Skip to main content
With the games of the 31st Olympiad officially coming to a close in Rio this week, Surf Life Saving NSW would like to acknowledge the efforts of those current and former members of the lifesaving community who took their talents to the world stage.

It has been a year to remember for Avoca Beach’s Lachlan Tame who after being named the youngest ever inductee into the Surf Life Saving Australia Hall of Fame was able to belatedly make good on a $5000 bet with a mate and become an Olympian.

He returns from Brazil with some extra baggage courtesy of the Bronze Medal he picked up in the K2 1000 after he teamed up with Ken Wallace to finish third behind Serbia and Germany.

Fellow Avoca Beach club mate Riley Fitzsimmons made the most of his Olympic debut. Still young enough to be eligible for Australia’s U23 team for the next several seasons, the 20-year-old teamed up with Jacob Clear, Ken Wallace, and Jordan Wood to finish fourth in the final of the men’s K4 1000.

Competing in his second Olympics, Bronte’s Jarrod Poort won many fans with his gutsy performance in the 10 km Open Swim.

The 21-year-old led the pack for almost 9km before finishing 21st, before his father delivered one of the most quotable interviews of the Games.

Two years ago Jessica Thorton (Coogee SLSC) won the Open Beach Sprint/Flag double at the NSW Championships at Ocean Beach Umina, now the 18-year-old who was the youngest member of Australia’s Track and Field team is an Olympic finalist after competing in the Women’s 4X400 Relay in Rio.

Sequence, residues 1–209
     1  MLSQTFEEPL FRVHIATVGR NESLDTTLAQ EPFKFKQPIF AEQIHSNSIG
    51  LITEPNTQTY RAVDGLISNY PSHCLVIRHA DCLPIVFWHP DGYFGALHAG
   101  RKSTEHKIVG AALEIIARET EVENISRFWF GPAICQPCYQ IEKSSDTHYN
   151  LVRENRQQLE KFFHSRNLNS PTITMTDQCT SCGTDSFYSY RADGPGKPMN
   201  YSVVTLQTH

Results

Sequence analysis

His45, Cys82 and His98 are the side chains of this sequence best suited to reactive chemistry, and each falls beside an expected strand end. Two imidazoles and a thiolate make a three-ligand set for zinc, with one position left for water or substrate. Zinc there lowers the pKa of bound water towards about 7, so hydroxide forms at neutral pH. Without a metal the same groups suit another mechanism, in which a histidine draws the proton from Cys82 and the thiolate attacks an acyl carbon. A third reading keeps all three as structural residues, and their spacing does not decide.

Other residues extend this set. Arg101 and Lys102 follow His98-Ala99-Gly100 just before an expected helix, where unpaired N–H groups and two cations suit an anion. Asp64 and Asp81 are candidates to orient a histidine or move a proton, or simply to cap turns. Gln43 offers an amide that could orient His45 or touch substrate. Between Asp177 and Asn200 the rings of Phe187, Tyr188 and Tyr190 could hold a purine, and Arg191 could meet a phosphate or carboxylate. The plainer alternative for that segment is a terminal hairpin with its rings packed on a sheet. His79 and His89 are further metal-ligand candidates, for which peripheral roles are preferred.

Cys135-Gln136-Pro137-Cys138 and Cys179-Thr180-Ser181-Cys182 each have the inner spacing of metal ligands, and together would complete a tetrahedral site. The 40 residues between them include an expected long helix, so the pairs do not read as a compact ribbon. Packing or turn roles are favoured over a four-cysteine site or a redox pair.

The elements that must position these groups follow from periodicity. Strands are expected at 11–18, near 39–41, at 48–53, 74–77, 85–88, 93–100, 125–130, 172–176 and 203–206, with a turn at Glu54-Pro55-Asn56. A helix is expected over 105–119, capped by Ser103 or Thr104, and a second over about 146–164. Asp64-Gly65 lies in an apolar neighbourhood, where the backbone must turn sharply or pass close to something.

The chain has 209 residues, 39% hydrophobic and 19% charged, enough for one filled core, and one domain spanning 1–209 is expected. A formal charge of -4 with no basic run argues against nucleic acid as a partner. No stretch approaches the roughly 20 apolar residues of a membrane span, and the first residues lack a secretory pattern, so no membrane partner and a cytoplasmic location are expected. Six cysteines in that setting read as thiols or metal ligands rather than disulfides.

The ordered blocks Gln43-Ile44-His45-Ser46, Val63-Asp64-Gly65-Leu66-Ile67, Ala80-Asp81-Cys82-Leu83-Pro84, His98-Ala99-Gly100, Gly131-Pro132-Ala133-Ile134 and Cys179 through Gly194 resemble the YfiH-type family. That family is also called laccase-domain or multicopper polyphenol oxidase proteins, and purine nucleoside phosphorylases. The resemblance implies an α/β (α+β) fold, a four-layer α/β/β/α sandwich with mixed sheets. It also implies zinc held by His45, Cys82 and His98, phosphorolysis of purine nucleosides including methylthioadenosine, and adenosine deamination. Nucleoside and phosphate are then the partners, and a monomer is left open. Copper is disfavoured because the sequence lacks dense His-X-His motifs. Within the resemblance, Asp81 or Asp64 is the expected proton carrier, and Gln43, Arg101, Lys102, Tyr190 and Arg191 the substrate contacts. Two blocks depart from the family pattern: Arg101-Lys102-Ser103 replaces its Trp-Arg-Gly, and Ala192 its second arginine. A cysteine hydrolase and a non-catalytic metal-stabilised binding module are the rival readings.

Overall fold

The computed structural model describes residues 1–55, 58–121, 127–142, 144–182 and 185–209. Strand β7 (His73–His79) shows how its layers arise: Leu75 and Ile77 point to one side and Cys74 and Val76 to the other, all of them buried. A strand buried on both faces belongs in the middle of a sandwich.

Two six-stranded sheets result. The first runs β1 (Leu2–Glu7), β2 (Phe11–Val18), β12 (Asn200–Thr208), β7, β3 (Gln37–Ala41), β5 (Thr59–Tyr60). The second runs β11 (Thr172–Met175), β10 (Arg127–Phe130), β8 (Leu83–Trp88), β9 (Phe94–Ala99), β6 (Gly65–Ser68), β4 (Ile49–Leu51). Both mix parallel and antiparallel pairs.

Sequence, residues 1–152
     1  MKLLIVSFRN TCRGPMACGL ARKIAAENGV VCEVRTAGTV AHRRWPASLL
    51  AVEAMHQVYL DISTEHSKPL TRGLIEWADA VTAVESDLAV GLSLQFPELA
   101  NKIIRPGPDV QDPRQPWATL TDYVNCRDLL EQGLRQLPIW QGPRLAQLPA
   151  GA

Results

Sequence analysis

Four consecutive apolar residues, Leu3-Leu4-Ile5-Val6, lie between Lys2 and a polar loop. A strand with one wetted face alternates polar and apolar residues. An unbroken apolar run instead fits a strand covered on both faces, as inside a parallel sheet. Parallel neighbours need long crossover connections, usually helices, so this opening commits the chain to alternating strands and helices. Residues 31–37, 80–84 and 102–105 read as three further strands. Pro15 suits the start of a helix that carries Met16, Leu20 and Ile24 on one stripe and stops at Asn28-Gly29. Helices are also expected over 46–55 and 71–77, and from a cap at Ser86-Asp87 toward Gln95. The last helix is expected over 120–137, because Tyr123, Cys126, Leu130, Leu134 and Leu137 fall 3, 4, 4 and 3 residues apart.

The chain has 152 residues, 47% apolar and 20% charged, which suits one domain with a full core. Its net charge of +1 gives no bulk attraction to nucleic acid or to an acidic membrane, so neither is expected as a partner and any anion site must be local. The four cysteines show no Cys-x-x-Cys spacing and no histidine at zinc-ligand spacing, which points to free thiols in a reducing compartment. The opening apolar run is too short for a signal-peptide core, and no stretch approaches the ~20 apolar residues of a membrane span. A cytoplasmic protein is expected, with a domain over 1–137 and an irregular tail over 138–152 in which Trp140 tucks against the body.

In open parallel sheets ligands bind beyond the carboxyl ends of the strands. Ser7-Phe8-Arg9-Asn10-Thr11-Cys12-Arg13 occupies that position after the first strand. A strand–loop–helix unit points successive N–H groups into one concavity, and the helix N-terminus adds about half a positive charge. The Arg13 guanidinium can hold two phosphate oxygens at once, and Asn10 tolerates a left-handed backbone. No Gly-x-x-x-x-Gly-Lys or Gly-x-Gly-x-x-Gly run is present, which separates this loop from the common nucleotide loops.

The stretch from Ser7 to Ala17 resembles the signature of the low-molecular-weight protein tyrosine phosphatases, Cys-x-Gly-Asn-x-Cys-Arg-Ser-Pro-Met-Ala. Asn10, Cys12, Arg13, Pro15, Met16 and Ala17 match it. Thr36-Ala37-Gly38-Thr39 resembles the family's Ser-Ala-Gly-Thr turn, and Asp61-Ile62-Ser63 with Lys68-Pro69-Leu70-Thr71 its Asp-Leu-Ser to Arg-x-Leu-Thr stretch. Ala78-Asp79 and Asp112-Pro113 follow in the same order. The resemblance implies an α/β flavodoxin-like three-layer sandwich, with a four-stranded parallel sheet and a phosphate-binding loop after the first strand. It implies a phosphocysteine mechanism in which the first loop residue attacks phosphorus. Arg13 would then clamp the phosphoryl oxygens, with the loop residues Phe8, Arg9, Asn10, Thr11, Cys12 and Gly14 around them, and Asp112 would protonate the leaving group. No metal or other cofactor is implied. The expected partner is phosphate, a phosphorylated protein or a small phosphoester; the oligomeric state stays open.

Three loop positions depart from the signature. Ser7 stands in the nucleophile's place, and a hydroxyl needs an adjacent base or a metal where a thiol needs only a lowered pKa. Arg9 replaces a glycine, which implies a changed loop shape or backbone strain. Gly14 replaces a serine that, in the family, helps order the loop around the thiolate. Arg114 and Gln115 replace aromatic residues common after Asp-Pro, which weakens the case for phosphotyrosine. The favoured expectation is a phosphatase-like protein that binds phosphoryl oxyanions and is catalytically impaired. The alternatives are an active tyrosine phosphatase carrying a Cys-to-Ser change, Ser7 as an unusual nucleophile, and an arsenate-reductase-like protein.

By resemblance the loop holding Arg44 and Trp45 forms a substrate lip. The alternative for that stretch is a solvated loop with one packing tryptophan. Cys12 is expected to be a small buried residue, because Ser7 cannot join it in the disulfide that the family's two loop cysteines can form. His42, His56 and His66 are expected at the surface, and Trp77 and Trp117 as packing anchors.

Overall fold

In 2015 while living and training on the Gold Coast Thomas Fraser Holmes returned to competitive lifesaving and gave Shannon Eckstein a scare in the early stages of the men’s Open Surf Race at the Aussies.

In Rio the swimmer took to the blocks as part of the Australian swim team. He made the semi-finals in the 200 metre freestyle, and was part of the 4X200 relay team that finished fourth in the final.

The road to Rio was a long one for Manly’s Naomi Flood, but she ultimately qualified for her second Olympic Games. The champion surf lifesaver competed in the women’s K500 where she made the semi-finals finishing the course in a time of 2:01.91 seconds.

Also lining up for his second Olympics was former Manly and now Northcliffe competitor Murray Stewart. A gold medallist in the K4 1000 in London, Rio was a different experience for the 30-year-old kayaker.

This time Murray’s main focus was on the K1 1000 event. He was in red-hot form in the heats (second) and semi-final (first), but unfortunately missed the medals in the final finishing an agonising fourth by around four tenths of a second behind Russian paddler Roman Anoshkin.

NSW Director of Surf Sports Donald van Keimpema said it was fantastic to see so many surf lifesavers compete in the biggest sporting event on earth.

“There is a rich tradition of surf lifesavers competing in the Olympics with those in Rio certainly doing us proud,” Mr van Keimpema said.


Thursday 25 August 2016